# programming puzzles?

J

#### John Salerno

Similar to the Python Challenge, does anyone know of any other websites
or books that have programming puzzles to solve? I found a book called
"Puzzles for Hackers", but it seems like it might be a little advanced
for me, and I've also read that it focuses too much on encryption and
security issues and doesn't really have coding problems, exactly. But
something like that book would be fun to have.

M

#### mensanator

John said:
Similar to the Python Challenge, does anyone know of any other websites
or books that have programming puzzles to solve? I found a book called
"Puzzles for Hackers", but it seems like it might be a little advanced
for me, and I've also read that it focuses too much on encryption and
security issues and doesn't really have coding problems, exactly. But
something like that book would be fun to have.

Personally, I am an avid reader of rec.puzzles. Not because
I like doing stupid puzzles per se, but I look at them from the
viewpoint "how would I write a program to solve this?"
Even simple word problems sometimes involves more trouble than
the puzzle is worth, but it teaches you how to write algorithms to
generate permutations, combinations, partitions, etc. that can be
handy for other applications. And it's one thing to generate letter
patterns, determining if they are English words is something else,
which can teach you about database and such.

Many puzzle purists bristle at this attitude, but I do this for
myself, not for them.

J

#### John Salerno

Personally, I am an avid reader of rec.puzzles. Not because
I like doing stupid puzzles per se, but I look at them from the
viewpoint "how would I write a program to solve this?"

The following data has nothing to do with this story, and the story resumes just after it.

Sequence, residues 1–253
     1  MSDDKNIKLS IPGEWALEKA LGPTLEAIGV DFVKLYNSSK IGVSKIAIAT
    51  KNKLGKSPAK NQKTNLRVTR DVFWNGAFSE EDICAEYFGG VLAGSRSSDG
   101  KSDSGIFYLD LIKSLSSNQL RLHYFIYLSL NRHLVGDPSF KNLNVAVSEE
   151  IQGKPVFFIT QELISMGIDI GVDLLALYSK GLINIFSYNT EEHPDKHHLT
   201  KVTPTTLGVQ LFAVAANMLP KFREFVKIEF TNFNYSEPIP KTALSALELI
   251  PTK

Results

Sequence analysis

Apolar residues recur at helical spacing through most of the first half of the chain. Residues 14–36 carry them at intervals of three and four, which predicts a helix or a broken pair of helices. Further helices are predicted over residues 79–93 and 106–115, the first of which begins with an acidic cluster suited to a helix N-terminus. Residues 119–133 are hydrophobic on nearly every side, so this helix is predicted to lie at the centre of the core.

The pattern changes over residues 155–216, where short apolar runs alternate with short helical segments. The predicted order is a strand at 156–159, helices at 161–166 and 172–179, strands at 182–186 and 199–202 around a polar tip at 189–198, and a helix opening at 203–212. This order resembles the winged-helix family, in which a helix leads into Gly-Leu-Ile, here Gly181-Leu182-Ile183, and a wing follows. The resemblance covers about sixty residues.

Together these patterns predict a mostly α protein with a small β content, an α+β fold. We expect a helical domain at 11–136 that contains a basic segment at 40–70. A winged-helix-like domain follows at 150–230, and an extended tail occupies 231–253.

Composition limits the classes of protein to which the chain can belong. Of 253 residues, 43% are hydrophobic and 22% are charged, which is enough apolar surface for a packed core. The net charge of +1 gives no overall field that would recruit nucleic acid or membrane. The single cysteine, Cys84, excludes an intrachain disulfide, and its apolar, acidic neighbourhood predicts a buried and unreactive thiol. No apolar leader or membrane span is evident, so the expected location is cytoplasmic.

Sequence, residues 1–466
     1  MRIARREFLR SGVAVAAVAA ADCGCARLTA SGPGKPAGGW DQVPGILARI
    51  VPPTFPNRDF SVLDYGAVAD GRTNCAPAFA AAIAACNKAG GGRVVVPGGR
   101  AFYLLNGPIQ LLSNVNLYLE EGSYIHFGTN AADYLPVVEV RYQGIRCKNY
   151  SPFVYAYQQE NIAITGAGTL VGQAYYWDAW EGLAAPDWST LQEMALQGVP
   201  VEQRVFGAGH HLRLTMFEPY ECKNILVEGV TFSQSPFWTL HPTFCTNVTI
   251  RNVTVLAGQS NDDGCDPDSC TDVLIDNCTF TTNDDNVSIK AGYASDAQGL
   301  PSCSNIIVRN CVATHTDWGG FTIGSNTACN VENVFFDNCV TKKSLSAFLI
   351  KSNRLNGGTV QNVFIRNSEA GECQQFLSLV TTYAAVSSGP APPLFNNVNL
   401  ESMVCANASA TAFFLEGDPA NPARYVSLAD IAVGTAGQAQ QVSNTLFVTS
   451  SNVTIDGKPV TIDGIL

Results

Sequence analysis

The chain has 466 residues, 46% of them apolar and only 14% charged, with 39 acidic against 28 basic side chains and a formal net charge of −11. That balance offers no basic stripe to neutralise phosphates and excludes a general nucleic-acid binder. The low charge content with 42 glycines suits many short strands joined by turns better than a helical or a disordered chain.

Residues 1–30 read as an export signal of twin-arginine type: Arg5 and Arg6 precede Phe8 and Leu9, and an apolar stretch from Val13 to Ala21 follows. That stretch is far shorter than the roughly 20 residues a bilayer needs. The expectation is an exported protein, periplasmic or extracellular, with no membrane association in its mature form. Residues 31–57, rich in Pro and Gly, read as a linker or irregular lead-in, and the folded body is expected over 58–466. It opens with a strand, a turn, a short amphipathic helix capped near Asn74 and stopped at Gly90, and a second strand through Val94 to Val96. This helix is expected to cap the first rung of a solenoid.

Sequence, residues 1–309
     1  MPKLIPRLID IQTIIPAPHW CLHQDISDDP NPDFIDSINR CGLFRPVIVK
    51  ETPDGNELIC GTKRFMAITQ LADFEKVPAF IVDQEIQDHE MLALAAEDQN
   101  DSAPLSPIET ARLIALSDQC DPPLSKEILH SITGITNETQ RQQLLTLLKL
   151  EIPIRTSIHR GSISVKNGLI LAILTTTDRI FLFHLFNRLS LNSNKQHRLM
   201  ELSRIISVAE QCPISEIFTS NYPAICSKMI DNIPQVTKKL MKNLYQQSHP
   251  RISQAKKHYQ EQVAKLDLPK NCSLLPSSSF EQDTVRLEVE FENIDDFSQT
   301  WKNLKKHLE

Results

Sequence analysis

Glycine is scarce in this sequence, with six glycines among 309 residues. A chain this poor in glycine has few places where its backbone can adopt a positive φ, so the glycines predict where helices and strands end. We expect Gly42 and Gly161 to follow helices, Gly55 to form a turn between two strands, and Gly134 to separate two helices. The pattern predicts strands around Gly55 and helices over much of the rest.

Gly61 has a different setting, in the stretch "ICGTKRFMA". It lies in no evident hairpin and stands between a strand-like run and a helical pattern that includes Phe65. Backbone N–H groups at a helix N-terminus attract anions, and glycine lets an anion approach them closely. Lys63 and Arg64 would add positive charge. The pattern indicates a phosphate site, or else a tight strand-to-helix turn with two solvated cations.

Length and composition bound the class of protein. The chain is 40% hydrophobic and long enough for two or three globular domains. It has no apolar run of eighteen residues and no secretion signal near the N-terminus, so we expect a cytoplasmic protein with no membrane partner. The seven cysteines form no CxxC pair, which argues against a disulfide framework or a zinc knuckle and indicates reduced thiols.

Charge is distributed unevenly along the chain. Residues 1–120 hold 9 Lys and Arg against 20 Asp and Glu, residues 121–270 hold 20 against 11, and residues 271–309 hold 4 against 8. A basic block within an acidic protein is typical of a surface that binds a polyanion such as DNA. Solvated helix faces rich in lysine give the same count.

Even simple word problems sometimes involves more trouble than
the puzzle is worth, but it teaches you how to write algorithms to
generate permutations, combinations, partitions, etc.

Sounds like what I'm interested in. I'll check it out!

M

#### Michael Tobis

The first piece of code that I ever voluntarily wrote was intended to
solve this puzzle:

Assign the number 2 to 'a', 3 to 'b' ... 27 to 'z'. To each word assign
the value of the product of its characters. Find the English (or
language of your choice) word whose product is closest to a million (or
number of your choice).

I didn't have a lexicon handy. So I just printed out the letter
combinations closest to a million and manually played Jumble with them.
This was on a PDP-11 using Fortran, so you should have no problem doing
this in Python.

The prize was a VCR, which was a big deal in those days, but I didn't
have a Green Card yet, so I didn't submit my answer, for (probably
unfounded) fear the immigration authorities would give me a hard time
for unauthorized income. My answer returned
<hack hack type> 999856 for its product. Can you do better?

You can go further. If you have a unix-like system you already have a
lexicon, probably at /usr/share/dict/words .

Compare various ways to solve this problem for performance, for
arbitrary ciphers, which you can pass in as a dictionary like
{'a':2,'b':4,'c':5 .... etc.

To get you started here's the calculation, which may be interesting in
itself. I don't have the Fortran, but I'm sure it was MUCH longer than
this!

#####
cipher0= {}

for i in range(ord('a'),ord('z')+1):
cipher0[chr(i)] = i - ord('a') + 2

from operator import mul

def numify(word,cipher=cipher0):
return reduce(mul,[cipher[c] for c in word])

if __name__ == "__main__":
print numify("hello")

# prints 146016

####

mt

M

#### mensanator

Michael said:
The first piece of code that I ever voluntarily wrote was intended to